How to Write Strong Female Characters: A Guest Post by Cassidy Eubanks

Okay! On Tuesday I posted all about the perks of having a writing buddy (and yes, I named it that because it sounded like The Perks of Being a Wallflower). Anyway, since in that post I introduced you guys to my cousin/writing buddy, Cassidy, I thought it would be fun for her to guest post on the blog. Enjoy!

Hi guys! Cassidy here. *waves*
Today I want to talk about a quickly emerging trend in YA literature: female main characters.
And not just any type of female main character, oh no! Strong female main characters. Gone is the damsel in distress of the past! No longer will the desire for a man to sweep her off her feet be tolerated! Never again will a lady character enjoy wearing dresses or lack the ability to beat up a man twice her size! Vulnerability is unheard of! Crying is not allowed! Your main character must be a strong, independent woman who don’t need no man, and shame on you if you write her otherwise!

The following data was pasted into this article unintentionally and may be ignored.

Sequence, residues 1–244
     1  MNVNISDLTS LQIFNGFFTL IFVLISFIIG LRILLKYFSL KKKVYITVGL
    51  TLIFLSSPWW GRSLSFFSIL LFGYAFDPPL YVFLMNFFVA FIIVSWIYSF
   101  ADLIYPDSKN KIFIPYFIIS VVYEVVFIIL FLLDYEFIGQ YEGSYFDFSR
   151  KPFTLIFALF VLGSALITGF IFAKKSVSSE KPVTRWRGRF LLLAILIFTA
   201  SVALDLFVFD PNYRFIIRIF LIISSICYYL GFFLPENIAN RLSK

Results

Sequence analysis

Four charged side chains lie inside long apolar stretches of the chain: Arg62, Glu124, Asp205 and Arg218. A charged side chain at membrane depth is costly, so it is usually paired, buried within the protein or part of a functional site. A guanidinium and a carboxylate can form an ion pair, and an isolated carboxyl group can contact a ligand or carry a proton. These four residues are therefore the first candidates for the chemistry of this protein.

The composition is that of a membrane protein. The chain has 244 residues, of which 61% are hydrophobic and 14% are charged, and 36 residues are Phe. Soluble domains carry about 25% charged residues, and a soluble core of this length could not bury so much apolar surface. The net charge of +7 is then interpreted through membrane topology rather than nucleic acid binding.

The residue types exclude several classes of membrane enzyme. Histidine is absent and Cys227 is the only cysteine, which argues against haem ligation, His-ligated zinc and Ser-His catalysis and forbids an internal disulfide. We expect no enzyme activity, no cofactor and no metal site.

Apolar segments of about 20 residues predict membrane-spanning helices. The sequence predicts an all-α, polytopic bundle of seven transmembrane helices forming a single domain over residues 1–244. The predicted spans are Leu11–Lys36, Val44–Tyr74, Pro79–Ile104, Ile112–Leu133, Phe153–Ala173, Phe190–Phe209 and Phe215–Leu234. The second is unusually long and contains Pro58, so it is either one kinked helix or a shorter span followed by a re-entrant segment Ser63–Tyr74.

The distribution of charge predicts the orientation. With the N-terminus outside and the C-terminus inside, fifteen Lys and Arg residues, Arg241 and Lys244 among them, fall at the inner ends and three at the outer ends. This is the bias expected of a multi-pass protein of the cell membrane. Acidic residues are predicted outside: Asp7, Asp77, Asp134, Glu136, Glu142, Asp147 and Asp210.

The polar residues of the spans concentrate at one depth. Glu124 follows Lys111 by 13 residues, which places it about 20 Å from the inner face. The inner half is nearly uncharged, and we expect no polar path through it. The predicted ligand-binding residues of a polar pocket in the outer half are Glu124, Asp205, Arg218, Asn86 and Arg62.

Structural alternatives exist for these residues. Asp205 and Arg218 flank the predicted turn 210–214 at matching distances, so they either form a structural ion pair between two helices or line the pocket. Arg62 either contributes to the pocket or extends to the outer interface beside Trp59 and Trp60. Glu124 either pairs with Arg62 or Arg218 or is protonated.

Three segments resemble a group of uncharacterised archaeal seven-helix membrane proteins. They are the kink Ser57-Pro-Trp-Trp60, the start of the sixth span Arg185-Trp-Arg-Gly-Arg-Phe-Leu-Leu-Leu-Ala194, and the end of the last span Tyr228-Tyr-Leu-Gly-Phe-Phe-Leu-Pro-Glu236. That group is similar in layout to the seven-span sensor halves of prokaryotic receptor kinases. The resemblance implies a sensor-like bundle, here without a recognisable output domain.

Wait, wait, wait, back up a little. What?
See, the onslaught of strong female characters is great! It’s wonderful! Except…
Weren’t they supposed to be female?
If your character hates wearing dresses, that’s fine. If she’s been trained in martial arts and can take down a ginormous man, lovely. If she is completely emotionally stable and doesn’t need to confide anything to anyone, okay.
But these things are not what make a woman strong.
Too often, when writing ladies to be strong, we end up taking strength and replacing it in our heads with masculinity. Your character doesn’t have to despise all feminine clichés to be strong. She can love fashion! She can want to fall in love! She can cry when she wants to cry, gosh darn it! She is a woman, not a robot.
There are several types of strong female characters that show up today in literature, but I’m going to zero in on the top three and why each of them can be appealing to an audience, what makes them strong, and why each of them can be a turn-off to your readers if done poorly.